A new bio details the suffering of Curt Flood, who rattled the chains of baseball's plantation system
On Christmas Eve in 1969, Curt Flood sent baseball commissioner Bowie Kuhn a letter that was the legal equivalent of a lump of coal. A speedy centerfielder with a lifetime batting average of .293 who had played for the Cardinals in three World Series, Flood had just been traded to Philadelphia. Instead of reporting to the Phillies, Flood informed Kuhn he was going to sue baseball. "After twelve years in the Major Leagues," he wrote, "I do not feel that I am a piece of property to be bought and sold irrespective of my wishes."
Flood's decision was a lump of coal for Kuhn, but pure gold to players. Although Flood lost his case — both at trial and on appeal to the U.S. Supreme Court — and ruined his career, the momentum he generated would ultimately force the owners to allow free agency.
Flood grew up in Oakland, where he played baseball for George Powles — the same white coach who mentored Frank Robinson and whom Bill Russell said "saved me from becoming a juvenile delinquent." But a color-blind coach couldn't prepare Flood for the segregation he encountered after signing with the Reds in 1956. He was rarely allowed in the Southern restaurants where his teammates dined and was repeatedly barred from one visitors' clubhouse, which forced him to change his clothes in a tin shed next to the dugout. Such experiences scarred Flood deeply ("It's hell down here," he wrote home to his family. "I didn't know people could act like this") and turned him into the activist who would one day take on the baseball establishment.
In the days before free agency, players had two options in salary negotiations — take it or leave baseball — and owners were not about to give up such leverage without a fight. Flood certainly had help in challenging the system. Part of the entertainment in A Well-Paid Slave is the cast of supporting characters: Marvin Miller, who, as head of the players' association, recognized Flood's character and persuaded the union to back him; Arthur Goldberg, the hopelessly long-winded but well-meaning former Supreme Court justice who tried to act as Flood's attorney while simultaneously running for governor of New York; and the rest of Flood's legal team, particularly Jay Topkis and Allan Zerman, who did most of the legal heavy lifting.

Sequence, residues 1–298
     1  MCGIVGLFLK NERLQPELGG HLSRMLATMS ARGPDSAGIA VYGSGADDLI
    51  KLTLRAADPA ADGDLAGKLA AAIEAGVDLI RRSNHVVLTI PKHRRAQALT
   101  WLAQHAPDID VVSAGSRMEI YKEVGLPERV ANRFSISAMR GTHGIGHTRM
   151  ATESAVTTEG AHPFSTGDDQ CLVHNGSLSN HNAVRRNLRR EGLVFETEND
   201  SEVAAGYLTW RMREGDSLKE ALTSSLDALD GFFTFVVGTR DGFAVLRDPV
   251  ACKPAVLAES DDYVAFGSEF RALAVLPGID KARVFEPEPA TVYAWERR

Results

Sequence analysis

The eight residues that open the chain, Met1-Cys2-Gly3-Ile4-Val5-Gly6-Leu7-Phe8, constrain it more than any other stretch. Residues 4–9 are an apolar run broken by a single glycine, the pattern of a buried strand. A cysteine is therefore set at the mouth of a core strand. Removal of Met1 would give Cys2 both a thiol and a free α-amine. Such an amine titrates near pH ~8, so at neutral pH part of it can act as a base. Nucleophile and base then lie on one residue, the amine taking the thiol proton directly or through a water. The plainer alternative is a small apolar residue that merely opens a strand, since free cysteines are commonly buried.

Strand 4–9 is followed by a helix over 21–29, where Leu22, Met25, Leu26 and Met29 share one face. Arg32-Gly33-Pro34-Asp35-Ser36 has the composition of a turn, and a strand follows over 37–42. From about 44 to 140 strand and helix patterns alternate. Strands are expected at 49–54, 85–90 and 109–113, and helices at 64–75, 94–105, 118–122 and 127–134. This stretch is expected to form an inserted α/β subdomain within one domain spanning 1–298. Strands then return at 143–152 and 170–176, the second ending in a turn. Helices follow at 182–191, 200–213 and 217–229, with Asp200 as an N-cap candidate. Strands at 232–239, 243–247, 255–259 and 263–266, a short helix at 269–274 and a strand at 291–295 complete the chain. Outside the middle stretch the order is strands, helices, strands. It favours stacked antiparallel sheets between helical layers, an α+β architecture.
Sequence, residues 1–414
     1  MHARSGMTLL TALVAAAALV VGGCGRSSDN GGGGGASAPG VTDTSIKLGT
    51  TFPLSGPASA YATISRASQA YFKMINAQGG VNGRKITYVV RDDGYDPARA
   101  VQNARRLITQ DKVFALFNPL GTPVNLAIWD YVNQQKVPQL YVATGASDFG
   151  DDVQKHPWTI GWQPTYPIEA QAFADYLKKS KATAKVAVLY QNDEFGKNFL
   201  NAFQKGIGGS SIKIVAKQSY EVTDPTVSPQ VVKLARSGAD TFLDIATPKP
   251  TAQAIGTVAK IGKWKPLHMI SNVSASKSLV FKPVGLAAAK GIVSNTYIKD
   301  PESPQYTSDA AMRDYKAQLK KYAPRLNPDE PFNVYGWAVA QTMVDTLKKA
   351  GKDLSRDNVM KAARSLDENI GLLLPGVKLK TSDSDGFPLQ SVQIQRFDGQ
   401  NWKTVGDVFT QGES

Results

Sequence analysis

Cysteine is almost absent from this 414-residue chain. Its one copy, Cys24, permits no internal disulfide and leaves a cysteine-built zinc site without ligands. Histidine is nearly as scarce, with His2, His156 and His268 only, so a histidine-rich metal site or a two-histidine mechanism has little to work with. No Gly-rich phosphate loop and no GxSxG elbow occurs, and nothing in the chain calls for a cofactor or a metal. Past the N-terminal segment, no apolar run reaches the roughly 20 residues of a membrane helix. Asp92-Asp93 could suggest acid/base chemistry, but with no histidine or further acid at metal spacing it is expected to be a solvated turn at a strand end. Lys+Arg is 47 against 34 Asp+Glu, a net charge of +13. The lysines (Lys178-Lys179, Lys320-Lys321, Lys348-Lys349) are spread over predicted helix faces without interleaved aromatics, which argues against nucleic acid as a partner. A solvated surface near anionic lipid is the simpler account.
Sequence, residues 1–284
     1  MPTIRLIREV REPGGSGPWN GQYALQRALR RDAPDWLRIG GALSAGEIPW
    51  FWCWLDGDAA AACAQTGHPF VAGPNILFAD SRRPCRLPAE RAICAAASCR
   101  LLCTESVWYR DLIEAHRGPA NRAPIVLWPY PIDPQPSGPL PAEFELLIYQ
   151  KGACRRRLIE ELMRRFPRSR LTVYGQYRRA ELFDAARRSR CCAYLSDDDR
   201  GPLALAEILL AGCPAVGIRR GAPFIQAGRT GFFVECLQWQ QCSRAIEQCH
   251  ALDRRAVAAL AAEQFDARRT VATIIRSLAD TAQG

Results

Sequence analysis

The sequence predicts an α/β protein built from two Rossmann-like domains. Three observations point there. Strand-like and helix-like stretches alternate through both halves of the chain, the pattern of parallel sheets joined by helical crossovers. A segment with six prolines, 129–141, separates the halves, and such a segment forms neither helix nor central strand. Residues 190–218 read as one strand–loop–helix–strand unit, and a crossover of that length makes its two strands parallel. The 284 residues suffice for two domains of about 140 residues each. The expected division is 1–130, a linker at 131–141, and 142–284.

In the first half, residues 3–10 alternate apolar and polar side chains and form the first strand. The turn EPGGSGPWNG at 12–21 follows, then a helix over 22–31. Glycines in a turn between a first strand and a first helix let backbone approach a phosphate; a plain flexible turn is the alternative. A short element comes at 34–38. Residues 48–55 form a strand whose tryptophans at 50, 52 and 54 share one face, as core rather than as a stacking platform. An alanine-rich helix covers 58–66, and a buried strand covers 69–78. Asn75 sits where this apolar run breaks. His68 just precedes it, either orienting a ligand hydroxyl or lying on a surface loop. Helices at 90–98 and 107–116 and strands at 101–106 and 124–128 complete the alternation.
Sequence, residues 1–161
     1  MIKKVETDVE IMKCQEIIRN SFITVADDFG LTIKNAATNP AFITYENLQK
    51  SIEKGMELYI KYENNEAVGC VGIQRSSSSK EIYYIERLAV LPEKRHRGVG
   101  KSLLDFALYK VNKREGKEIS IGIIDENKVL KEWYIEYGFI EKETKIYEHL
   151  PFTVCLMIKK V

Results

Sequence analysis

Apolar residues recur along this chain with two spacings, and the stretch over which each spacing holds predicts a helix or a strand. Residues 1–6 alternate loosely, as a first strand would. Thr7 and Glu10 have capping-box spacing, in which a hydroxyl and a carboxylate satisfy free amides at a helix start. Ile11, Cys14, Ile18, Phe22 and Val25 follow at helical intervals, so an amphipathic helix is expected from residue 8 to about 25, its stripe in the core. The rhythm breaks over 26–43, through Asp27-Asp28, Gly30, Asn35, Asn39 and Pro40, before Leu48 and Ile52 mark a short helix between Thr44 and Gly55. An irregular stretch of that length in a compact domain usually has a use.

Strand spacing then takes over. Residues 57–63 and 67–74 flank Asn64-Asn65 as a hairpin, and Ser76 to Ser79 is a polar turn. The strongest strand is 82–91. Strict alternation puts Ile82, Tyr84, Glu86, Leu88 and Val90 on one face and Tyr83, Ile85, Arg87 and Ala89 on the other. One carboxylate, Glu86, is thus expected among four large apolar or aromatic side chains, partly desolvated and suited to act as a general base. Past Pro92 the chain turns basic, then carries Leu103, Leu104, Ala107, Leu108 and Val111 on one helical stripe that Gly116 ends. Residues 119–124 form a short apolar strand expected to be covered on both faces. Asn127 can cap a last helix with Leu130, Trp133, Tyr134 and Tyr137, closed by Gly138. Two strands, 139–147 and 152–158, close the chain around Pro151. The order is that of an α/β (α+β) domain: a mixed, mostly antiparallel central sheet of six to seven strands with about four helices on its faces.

Flood didn't expect to win his case, but he thought that if he could publicize how wrong the system was, public sympathy would force baseball to change. Consequently, it was essential that his fellow players show their support, especially major stars. But remarkably few active players stood up for him. Frank Howard and Harmon Killebrew expressed their disapproval of the lawsuit; Willie Mays, Frank Robinson and Ernie Banks refused to take a side — a betrayal Flood understood but never got over. The press was even worse: The New York Daily News ran a back-page headline that warned curt win kills baseball. Flood sat out the 1970 season as his case went through the courts and, publicly, cut a charming, unflappable figure. Asked if he worried that his skills would deteriorate, he replied, "Baseball is like sex; you don't forget overnight." Alcoholism, financial ruin and stress left him woefully out of shape; he returned to baseball with the Washington Senators in 1971, even as his case proceeded, but quit after just 13 games.
It wasn't until Flood died in 1997, at age 59, that his contributions were finally appreciated. George Will, who spoke at his funeral, noted that it was one of the few times he and the Reverend Jesse Jackson had ever shared a podium. Jackson pointed out that Flood had won in the end: "Baseball is better, [and] America is better.... Thank God that Curt Flood came this way."